This is one of my favourite lines from one of my favourite poems. I know Mary Oliver herself is said to have grown tired of everyone loving ‘Wild Geese’, but I can’t stop. It’s the unexpectedness of the lines that make that impossible.
The first: ‘You do not have to be good.’ The first time I read that (a long time ago now) I couldn’t believe it. The relief. Then, before we get comfortable: ‘You do not have to walk on your knees / for a hundred miles through the desert, repenting.’ The combination of depth of feeling, with ease of expression utterly compels me. I was thrilled at how extreme the situation was that she’s describing: that degree of shame and toil. The desert like the decades we live (walk on our knees) through. She’s saying we don’t have to, but with maximum compassion: there’s no doubt she knows we have, and we do, and that she has too.
Each line in the poem is a full, clear, simple sentence. There are so few adjectives – so the first that does appear leaps out: ‘You only have to let the soft animal of your body / love what it loves.’ That ‘soft’.
(I like noticing the adjectives in this poem: ‘soft’, ‘clear’ [‘pebbles of the rain’], ‘deep’ [trees – which is just lovely], ‘wild’ [geese, of course], which then allows the positive outburst of: ‘the clean blue air’ through which those geese fly high.)
And then there’s the line I started with:
‘Tell me about despair, yours, and I will tell you mine.’
The acknowledgment in this line. I like the fact we’re now together in this. There’s no room for doubt: you have your despair; I have mine. This poem (poet) meets us here: joins me on this vital similarity. That, in itself, is quietly marvellous: it leaves this (at times, despairing) reader so much less alone. It’s GENEROUS…
The Girl Who Cried
So what brought me back to this line now? Sitting here, thinking how will I introduce my own, new, strange book, which just arrived for preorder in the HappenStance shop? And of course, in the midst of this awful, global situation – which none of us could have anticipated.
(Bloodaxe, by the way, chose ‘Wild Geese’ as the epigraph poem for its famous anthology Staying Alive with good reason.)
My book. Why have I written it? Well, to start with, I couldn’t stop myself. I mean, if I was to go on writing poetry at all, these were the next poems that insisted on being written.
It is a(nother) quite brave book for me, detailing as it does the most basic, long-lasting and embarrassing inner struggle. This was the book that sat for me behind the first I wrote – Noir. I had to write that to get behind it to this – although once I did, I saw I had also, over some years, been writing them in parallel.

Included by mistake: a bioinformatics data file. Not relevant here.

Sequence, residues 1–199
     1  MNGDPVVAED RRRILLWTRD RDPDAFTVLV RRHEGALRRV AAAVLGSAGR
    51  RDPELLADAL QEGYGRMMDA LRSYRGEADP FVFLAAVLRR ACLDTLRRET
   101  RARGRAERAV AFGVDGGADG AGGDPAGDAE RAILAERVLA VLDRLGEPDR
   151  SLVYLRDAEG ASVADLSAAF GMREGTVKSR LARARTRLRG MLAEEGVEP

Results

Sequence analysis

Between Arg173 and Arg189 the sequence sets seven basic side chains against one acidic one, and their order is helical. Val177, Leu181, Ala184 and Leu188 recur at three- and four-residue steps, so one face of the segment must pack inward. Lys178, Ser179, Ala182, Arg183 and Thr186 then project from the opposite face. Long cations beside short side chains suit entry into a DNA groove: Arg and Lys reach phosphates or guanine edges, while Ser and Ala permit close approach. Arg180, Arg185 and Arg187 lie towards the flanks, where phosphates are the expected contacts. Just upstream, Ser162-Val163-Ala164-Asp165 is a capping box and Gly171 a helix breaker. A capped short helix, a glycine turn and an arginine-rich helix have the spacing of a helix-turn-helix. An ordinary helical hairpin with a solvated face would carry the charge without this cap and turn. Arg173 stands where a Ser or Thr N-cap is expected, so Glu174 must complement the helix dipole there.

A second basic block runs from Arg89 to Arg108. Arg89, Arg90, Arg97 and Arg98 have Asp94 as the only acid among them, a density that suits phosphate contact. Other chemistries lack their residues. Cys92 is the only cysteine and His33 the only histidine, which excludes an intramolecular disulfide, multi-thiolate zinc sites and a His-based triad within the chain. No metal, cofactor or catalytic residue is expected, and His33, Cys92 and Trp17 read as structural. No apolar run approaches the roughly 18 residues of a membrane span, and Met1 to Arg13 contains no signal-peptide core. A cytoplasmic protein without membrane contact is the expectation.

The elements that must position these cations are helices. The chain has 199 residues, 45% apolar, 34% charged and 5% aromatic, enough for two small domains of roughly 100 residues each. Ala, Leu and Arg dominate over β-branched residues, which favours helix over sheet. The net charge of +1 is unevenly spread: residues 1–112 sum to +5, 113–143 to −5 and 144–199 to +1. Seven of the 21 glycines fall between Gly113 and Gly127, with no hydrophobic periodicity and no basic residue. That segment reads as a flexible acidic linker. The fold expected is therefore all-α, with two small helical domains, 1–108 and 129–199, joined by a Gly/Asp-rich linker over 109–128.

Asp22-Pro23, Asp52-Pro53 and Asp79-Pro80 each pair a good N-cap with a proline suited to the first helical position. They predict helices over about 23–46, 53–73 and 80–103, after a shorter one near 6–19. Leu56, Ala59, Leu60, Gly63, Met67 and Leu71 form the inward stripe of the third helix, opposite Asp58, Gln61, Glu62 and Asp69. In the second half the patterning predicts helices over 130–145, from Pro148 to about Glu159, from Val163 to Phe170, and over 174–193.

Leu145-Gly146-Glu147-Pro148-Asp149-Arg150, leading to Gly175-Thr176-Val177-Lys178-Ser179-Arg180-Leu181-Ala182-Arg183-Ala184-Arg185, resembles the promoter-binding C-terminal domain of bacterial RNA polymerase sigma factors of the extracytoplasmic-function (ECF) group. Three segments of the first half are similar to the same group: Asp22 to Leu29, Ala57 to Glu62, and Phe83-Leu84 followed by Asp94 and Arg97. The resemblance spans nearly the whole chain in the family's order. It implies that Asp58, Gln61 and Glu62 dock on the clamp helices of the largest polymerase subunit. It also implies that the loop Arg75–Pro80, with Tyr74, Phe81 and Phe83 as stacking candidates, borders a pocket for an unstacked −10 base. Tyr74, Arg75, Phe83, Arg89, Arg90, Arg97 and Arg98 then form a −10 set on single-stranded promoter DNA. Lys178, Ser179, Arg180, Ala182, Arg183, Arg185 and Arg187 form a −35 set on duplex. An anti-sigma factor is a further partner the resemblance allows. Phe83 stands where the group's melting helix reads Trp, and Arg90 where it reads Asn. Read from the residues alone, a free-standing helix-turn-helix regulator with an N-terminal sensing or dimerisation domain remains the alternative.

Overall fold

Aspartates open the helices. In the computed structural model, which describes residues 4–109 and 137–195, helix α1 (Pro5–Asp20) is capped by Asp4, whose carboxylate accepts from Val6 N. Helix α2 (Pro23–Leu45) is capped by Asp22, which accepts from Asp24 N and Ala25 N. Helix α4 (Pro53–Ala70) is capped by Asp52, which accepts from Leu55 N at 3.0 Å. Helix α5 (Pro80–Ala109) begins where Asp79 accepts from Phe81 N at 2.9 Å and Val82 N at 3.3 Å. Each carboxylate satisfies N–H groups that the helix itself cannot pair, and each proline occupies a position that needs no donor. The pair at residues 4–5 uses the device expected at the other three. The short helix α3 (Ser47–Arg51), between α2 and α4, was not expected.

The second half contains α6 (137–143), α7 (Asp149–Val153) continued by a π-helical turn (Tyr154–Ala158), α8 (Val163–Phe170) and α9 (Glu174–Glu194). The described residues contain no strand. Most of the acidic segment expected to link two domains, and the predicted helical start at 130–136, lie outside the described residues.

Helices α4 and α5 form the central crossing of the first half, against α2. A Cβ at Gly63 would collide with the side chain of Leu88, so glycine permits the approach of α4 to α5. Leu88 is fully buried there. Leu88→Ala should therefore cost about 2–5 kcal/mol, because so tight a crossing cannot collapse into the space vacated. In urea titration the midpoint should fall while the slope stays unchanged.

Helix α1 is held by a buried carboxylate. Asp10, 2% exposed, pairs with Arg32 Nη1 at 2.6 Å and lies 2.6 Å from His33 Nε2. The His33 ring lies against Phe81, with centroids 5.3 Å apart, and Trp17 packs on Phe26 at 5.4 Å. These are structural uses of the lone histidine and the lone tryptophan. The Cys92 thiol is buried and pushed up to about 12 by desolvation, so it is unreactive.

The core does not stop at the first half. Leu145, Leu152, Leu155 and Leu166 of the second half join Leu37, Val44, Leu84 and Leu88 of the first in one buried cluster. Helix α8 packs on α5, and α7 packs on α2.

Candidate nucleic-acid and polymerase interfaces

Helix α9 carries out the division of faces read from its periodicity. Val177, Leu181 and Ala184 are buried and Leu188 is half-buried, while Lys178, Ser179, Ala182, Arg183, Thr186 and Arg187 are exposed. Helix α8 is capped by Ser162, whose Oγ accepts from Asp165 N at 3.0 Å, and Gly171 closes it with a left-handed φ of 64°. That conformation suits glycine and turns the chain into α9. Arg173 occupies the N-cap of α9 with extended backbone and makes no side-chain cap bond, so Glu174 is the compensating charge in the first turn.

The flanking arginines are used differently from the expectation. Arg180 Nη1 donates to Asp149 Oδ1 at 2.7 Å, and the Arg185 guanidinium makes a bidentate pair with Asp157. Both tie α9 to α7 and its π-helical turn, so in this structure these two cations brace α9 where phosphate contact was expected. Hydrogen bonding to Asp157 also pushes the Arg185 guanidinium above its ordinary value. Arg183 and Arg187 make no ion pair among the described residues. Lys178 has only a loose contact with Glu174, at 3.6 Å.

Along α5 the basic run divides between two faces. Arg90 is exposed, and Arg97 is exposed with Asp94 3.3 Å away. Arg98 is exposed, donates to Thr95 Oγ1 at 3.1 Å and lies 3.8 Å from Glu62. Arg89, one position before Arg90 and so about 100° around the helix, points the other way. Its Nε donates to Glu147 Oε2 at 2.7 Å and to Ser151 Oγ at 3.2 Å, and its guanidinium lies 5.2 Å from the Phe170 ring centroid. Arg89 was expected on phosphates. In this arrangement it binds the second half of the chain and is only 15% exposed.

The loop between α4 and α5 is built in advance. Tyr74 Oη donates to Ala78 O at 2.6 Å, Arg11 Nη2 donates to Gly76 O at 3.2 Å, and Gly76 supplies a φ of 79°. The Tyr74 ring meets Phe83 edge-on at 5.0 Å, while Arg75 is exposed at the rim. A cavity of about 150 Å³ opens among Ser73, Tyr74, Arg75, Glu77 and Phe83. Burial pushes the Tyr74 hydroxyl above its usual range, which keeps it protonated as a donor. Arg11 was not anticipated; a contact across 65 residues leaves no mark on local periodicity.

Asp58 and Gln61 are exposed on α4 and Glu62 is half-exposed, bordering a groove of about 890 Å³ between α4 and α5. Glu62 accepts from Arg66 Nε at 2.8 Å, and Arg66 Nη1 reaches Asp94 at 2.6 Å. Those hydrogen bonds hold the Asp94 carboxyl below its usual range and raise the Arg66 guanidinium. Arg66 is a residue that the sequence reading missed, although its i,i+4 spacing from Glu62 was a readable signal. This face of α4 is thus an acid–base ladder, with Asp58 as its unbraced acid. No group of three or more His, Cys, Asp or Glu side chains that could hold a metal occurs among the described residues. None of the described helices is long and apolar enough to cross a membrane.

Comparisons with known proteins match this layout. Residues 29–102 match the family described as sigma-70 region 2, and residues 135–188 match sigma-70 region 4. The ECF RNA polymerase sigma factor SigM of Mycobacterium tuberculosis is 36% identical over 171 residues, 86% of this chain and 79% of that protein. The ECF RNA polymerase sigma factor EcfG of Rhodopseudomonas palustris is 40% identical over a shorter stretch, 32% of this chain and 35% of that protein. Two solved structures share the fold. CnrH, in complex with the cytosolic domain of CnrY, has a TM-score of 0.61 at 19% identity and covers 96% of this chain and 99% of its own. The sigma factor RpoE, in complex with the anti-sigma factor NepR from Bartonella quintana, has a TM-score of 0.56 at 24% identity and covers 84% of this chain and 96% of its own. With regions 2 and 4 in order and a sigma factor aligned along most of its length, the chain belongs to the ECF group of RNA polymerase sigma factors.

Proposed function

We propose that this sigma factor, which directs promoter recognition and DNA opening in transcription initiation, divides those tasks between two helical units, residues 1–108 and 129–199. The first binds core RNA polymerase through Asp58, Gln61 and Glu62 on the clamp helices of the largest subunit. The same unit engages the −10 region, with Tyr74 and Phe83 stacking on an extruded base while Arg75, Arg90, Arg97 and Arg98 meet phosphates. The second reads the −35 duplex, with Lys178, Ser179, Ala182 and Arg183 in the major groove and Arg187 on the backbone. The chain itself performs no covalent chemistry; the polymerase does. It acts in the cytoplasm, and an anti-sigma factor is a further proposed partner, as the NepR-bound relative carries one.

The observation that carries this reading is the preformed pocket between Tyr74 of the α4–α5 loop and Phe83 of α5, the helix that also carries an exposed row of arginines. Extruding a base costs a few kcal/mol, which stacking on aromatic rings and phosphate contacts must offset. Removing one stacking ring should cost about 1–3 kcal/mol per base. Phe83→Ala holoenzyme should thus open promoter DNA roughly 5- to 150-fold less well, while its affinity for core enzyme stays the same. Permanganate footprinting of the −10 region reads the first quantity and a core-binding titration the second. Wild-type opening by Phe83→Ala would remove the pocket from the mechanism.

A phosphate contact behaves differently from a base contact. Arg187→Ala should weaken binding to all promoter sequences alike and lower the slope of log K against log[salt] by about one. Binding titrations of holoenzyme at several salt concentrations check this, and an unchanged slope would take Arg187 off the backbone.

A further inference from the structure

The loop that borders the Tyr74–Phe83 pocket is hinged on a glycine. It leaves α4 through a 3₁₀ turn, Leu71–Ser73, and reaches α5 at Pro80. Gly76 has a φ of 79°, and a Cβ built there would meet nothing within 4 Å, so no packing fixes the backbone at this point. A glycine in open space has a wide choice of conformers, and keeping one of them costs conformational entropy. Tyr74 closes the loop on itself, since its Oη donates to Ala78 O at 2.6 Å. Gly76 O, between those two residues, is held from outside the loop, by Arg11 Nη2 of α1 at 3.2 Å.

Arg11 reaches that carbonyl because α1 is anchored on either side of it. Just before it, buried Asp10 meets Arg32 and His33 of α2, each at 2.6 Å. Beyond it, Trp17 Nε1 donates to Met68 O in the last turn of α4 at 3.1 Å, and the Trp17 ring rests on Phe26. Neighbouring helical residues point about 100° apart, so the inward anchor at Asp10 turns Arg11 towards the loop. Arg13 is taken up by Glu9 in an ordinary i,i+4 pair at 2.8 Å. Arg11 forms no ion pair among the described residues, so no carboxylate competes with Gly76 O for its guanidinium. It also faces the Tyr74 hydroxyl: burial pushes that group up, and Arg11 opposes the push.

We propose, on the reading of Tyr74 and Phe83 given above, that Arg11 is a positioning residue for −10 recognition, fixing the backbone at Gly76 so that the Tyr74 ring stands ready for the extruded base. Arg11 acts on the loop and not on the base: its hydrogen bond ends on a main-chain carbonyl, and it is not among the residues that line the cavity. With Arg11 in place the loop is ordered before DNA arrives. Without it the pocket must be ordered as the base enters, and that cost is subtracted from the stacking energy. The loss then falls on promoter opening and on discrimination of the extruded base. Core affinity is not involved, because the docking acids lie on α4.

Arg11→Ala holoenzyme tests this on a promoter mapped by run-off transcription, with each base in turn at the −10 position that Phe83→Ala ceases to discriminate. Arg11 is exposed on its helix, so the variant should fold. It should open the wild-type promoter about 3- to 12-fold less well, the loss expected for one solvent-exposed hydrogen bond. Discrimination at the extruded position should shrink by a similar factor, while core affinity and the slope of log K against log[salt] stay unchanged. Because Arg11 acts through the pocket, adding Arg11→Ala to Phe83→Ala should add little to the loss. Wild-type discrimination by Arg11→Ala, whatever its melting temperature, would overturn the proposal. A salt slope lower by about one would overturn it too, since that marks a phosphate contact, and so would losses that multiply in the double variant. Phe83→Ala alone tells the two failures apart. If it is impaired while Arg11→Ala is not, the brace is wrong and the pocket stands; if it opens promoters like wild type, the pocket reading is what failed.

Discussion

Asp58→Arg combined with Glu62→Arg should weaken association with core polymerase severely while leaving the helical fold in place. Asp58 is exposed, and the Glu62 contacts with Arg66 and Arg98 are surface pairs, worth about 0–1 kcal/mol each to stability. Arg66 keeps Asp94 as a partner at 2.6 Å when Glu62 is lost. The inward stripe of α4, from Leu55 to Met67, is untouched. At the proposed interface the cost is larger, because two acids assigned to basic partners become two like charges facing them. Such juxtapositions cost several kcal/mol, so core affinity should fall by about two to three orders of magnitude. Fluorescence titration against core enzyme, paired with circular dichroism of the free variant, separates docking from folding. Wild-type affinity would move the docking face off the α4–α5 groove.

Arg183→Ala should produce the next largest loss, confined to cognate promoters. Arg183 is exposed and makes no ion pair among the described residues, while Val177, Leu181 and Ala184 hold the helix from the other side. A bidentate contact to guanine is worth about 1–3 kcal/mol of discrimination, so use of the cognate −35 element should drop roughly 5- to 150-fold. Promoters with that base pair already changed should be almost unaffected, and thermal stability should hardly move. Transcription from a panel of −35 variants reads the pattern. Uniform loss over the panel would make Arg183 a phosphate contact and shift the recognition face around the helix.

I carried on, writing poetry as simply and as clearly as I could. At one stage, I thought of these as ‘woodcut poems’. But there was something too thin or harsh about the book – as opposed to ‘harsh and exciting’ – and so I started introducing my drawings. I realised they were needed – to accompany these poems out into the world.
They brought a bit of air, and together the poems and pictures lifted a little off the page. (Helena Nelson, publisher at HappenStance, also suggested removing each poem’s title – which helped lighten the pages further.) Something happened… The pictures, along with certain phrases in the poems (e.g. ‘I know / I shouldn’t walk on flowerbeds’ – phrases I think of as ‘human bridges’), HELPED.
‘Meanwhile the world goes on’, wrote Mary Oliver. And later:
‘Whoever you are, no matter how lonely,
the world offers itself to your imagination,
calls to you like the wild geese, harsh and exciting –
over and over announcing your place
in the family of things.’
I could never have foreseen, of course, publishing in the midst of a global pandemic: the awful loss and pain and anxiety so many have suffered and are suffering and will suffer, and all of us gripped in this thing…
I guess some things remain human. I’m not certain why it is we go to such lengths not to tell the truth about ourselves: why the shame is so pronounced. This is my attempt to do something different – ‘Tell me about despair, yours, and I will tell you mine’ – and by doing so, too, perhaps to further discover my ‘place / in the family of things.’